So, too, the few who dared to defy the Nazis and rescue Jews were not superhuman figures impossible to emulate, but people just like us. Ida Brunelli, a teenage babysitter for a Jewish family in Italy who, when their parents died, cared for and protected three young children at great peril until the war’s end. Mohammed Helmy, an Egyptian-born physician practicing in Berlin, who was himself discriminated against as a non-Aryan, fired from his job at a hospital and barred from marrying his German fiancée. Despite being targeted by the regime, Dr. Helmy spoke out against Nazi policies and risked his life to save several Jewish friends, hiding them for years, providing them with food and medical care.

Most important, I want to remember that those who are being targeted and demonized today are also people just like us. There have always been racists in this land of the free and home of the brave. But once we lived in a country where it was considered ignorant and ugly to attack racial and religious minorities. It was “un-American” to condemn immigrants and refugees, desperate people fleeing poverty and violence in their homeland, because we understood ourselves to be a nation formed of immigrants and refugees. Today the social taboo against bigotry is eroding. Fundamental principles of decency, civility and respect for others are derided as “political correctness”; strength is equated with bullying and name-calling, selfishness and brutality.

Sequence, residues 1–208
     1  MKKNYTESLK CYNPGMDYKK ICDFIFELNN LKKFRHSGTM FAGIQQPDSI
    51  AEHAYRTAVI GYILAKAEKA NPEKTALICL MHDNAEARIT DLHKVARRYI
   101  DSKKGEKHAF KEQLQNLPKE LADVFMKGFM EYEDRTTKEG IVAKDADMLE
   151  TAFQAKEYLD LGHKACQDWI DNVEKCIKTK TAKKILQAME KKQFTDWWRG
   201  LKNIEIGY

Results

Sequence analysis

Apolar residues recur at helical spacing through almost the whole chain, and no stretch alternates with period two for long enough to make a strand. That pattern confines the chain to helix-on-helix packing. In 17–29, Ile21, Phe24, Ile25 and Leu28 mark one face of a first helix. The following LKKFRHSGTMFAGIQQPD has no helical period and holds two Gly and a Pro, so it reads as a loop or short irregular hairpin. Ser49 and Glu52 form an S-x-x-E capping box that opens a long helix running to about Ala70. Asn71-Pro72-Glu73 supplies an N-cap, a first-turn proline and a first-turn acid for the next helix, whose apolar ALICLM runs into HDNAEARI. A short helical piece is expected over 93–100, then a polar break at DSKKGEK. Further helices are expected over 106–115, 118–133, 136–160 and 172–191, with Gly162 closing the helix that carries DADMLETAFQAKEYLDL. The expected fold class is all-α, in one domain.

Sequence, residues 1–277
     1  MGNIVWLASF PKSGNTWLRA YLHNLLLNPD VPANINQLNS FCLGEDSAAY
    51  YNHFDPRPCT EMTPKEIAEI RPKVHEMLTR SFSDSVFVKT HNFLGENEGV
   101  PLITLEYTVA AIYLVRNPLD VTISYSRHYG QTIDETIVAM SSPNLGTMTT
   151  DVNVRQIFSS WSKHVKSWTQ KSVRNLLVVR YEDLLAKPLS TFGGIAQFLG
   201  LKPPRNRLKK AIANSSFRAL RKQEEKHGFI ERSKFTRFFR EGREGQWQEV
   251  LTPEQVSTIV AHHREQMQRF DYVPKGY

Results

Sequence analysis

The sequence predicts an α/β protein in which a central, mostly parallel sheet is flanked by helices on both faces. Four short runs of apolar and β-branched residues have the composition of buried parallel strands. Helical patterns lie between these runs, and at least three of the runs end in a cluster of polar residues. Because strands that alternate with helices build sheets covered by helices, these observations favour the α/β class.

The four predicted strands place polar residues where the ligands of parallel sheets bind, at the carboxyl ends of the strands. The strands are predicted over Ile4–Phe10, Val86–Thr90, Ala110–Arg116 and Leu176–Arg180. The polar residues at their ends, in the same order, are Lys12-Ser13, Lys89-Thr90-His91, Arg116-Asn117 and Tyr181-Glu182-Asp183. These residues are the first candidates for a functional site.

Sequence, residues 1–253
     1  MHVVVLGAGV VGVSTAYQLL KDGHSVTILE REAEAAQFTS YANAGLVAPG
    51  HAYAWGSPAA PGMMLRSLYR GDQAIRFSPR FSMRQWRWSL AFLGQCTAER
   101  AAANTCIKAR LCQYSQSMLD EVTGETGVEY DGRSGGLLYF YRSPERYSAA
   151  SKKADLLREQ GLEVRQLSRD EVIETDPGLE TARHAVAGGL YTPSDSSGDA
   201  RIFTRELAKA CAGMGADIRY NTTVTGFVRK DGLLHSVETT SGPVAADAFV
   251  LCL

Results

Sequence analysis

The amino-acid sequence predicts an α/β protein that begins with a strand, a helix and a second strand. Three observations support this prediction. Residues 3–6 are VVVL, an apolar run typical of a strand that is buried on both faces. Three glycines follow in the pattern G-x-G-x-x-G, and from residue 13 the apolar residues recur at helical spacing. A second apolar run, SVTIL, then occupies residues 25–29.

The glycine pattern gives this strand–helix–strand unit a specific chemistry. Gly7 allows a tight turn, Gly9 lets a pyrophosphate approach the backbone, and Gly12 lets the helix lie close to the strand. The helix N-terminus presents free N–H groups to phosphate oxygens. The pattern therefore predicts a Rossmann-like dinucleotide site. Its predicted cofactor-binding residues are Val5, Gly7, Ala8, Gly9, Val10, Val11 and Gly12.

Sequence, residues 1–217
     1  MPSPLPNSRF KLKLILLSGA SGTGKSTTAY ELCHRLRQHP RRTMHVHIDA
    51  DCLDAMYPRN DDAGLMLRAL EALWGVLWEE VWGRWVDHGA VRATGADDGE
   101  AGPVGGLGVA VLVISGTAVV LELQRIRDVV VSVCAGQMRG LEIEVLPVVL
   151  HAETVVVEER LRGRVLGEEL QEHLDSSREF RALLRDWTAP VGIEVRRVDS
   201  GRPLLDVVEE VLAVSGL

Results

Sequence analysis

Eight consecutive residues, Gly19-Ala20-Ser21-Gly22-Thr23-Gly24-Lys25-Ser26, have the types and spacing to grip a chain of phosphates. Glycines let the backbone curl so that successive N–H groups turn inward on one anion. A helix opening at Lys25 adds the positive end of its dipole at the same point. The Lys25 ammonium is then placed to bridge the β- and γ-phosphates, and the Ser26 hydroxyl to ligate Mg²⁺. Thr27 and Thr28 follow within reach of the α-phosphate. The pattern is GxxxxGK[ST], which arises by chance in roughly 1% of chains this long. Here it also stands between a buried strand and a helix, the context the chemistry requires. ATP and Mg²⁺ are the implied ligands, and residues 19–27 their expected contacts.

Dr. Hayes reminds us that “the security of Jews, like that of most minorities, is least wherever the liberal values of toleration, coexistence and openness to change are weak. To prevent other Holocausts, it is not enough to combat anti-Semitism; one has also to fight for these broader values, and not only at home” [p.333]. So in this dispiriting political climate, we can’t let ourselves give in to fatigue or despair. We have to keep articulating what we stand for, and what America stands for – in conversations, letters to the editor, academic settings and public forums of all kinds.